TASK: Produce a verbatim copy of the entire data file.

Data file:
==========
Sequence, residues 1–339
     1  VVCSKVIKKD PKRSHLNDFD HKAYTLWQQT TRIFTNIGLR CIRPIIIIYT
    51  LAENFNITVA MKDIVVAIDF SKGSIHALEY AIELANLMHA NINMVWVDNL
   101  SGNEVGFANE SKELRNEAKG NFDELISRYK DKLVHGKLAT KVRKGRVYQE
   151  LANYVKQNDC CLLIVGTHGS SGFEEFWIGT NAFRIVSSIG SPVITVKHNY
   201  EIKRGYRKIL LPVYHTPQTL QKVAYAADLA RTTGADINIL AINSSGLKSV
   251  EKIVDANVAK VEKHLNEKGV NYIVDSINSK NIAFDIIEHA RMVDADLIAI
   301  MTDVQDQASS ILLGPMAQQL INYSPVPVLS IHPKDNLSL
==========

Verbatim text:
Sequence, residues 1–339
     1  VVCSKVIKKD PKRSHLNDFD HKAYTLWQQT TRIFTNIGLR CIRPIIIIYT
    51  LAENFNITVA MKDIVVAIDF SKGSIHALEY AIELANLMHA NINMVWVDNL
   101  SGNEVGFANE SKELRNEAKG NFDELISRYK DKLVHGKLAT KVRKGRVYQE
   151  LANYVKQNDC CLLIVGTHGS SGFEEFWIGT NAFRIVSSIG SPVITVKHNY
   201  EIKRGYRKIL LPVYHTPQTL QKVAYAADLA RTTGADINIL AINSSGLKSV
   251  EKIVDANVAK VEKHLNEKGV NYIVDSINSK NIAFDIIEHA RMVDADLIAI
   301  MTDVQDQASS ILLGPMAQQL INYSPVPVLS IHPKDNLSL